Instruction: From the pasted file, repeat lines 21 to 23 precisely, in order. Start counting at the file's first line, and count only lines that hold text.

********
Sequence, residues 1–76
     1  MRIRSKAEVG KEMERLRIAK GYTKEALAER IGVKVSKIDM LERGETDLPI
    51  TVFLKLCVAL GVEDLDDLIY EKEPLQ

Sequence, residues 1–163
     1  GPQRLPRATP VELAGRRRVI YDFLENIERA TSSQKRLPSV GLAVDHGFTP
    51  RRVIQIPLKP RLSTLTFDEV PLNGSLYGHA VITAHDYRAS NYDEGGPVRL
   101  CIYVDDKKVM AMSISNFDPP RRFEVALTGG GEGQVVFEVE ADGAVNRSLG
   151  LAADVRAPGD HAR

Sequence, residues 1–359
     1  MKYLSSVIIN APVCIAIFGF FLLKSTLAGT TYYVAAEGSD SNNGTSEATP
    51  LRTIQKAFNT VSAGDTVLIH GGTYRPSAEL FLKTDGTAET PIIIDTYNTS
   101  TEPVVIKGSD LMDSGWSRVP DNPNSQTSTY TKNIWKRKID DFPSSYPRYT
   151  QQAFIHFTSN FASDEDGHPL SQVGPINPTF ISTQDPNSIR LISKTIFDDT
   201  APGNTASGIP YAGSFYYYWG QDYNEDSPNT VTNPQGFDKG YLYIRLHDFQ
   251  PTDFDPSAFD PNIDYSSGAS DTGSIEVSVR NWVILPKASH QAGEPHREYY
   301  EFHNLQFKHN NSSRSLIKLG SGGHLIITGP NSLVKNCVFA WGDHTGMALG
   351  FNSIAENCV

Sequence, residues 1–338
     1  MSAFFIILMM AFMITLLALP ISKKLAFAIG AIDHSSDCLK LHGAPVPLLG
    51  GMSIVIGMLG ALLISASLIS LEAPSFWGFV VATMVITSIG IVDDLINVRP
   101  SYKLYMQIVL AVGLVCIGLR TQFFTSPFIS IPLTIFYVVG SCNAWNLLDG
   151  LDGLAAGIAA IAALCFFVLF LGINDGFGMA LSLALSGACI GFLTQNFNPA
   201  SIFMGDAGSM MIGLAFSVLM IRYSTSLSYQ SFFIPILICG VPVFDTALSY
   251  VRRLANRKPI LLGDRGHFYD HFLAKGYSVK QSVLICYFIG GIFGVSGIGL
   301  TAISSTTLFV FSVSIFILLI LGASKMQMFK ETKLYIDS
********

   101  SYKLYMQIVL AVGLVCIGLR TQFFTSPFIS IPLTIFYVVG SCNAWNLLDG
   151  LDGLAAGIAA IAALCFFVLF LGINDGFGMA LSLALSGACI GFLTQNFNPA
   201  SIFMGDAGSM MIGLAFSVLM IRYSTSLSYQ SFFIPILICG VPVFDTALSY